UK Online Safety Bill
In 2017, the UK Government announced its intentions to make Britain “the safest place in the world to be online”. In May 2021, we were pleased to see the severity of racist and misogynistic online abuse mentioned in the announcement of the publication of the draft Online Safety Bill. However, we believe that the draft proposals do not go far enough to reflect the gendered nature of the problem. It also fails to acknowledge the disproportionate impact of abuse on Black women, and women and non-binary people from minoritised communities, which our research has repeatedly highlighted.
We welcome the Secretary of State’s commitment to stopping online racial abuse, and will be pressing for the government to demonstrate how this bill will make the online space safe for users who experience racist abuse online, in order to strengthen the current provisions laid out within the Bill.
Online abuse against women is a form of violence against women. This must be recognised within this legislation. There must be a joined-up approach to the Online Safety Bill and the violence against women strategy, as well as other ongoing work in this area.
We are campaigning to ensure that online abuse against women, and its disproportionate impact on racialised and minoritised communities, is reflected in the Online Safety Bill, to ensure that the UK does become a safer place to be online for all of us.
Sign Glitch and End Violence Against Women’s petition to make women specifically acknowledged and protected in the Online Safety Bill.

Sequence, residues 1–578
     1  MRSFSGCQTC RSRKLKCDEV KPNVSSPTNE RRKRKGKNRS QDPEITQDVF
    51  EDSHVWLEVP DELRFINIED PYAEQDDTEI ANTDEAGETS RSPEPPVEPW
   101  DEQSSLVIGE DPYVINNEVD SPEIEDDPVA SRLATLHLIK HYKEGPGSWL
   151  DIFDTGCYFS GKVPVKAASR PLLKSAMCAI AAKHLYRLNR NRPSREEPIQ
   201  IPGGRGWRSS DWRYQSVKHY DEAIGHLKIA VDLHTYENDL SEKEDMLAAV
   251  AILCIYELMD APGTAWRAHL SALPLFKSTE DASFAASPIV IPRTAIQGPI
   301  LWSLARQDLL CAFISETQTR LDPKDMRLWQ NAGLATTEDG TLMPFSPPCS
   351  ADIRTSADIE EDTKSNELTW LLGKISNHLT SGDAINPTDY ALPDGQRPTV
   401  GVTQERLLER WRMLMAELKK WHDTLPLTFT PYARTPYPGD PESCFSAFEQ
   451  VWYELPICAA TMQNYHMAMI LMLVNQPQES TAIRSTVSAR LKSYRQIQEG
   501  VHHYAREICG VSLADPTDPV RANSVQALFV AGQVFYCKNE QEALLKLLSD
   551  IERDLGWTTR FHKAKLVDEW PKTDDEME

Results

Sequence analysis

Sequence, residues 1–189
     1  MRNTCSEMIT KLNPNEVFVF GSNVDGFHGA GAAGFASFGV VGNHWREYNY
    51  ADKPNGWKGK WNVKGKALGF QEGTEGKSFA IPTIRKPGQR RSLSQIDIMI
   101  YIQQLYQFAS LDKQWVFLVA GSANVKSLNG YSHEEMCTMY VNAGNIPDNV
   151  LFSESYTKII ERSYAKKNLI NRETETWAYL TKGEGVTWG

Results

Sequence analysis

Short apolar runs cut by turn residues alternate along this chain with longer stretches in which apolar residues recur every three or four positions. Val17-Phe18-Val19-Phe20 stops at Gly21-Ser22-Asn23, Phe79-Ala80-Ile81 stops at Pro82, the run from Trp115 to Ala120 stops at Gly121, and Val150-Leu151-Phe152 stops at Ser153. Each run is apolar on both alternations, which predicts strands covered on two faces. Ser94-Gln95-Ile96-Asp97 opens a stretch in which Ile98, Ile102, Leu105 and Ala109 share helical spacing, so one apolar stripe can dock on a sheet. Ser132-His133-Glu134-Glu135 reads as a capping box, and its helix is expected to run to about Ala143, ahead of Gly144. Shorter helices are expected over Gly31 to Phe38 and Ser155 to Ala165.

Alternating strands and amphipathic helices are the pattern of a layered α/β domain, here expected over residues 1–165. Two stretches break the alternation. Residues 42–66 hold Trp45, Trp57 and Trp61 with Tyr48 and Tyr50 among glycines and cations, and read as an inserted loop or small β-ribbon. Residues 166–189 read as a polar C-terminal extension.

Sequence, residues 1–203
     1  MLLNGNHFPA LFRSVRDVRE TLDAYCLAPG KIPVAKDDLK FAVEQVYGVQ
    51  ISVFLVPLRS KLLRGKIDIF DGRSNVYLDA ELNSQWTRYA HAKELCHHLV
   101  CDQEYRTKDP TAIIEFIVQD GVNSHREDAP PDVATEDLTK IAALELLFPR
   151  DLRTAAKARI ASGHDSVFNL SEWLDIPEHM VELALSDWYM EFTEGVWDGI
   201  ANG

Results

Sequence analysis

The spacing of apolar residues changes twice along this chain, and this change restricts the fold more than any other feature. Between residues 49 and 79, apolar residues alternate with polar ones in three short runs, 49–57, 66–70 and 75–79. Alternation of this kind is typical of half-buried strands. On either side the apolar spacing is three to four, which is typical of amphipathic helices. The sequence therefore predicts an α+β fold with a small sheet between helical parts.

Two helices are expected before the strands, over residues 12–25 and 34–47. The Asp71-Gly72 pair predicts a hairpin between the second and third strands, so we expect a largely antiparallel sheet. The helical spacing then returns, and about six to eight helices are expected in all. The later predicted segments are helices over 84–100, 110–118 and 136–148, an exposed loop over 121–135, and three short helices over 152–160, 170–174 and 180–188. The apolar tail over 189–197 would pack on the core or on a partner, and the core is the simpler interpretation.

Read our Briefing for MPs for the Second Reading of the Bill in Parliament.
Join our mailing list to keep up to date with our work on the UK Online Safety Bill and other campaigns to end online abuse.
The Tech Tax
In October 2018, the UK Chancellor announced a new Digital Services Tax of 2% on tech giants like Facebook, Google and Twitter expecting to generate £350 million. According to the Office for National Statistics, this ‘tech tax’ raised £29 million in the first month of operation alone. The ‘polluter pays’ principle, endorsed by the OECD for almost 50 years suggests that the companies enabling these harms to society should pay to help rectify the damage. By ring-fencing at least 10% of this new tax annually for ending online abuse against women and girls, the Government can commit at least £3.5 million to further establishing online standards which are fair and necessary to the growing digital economy.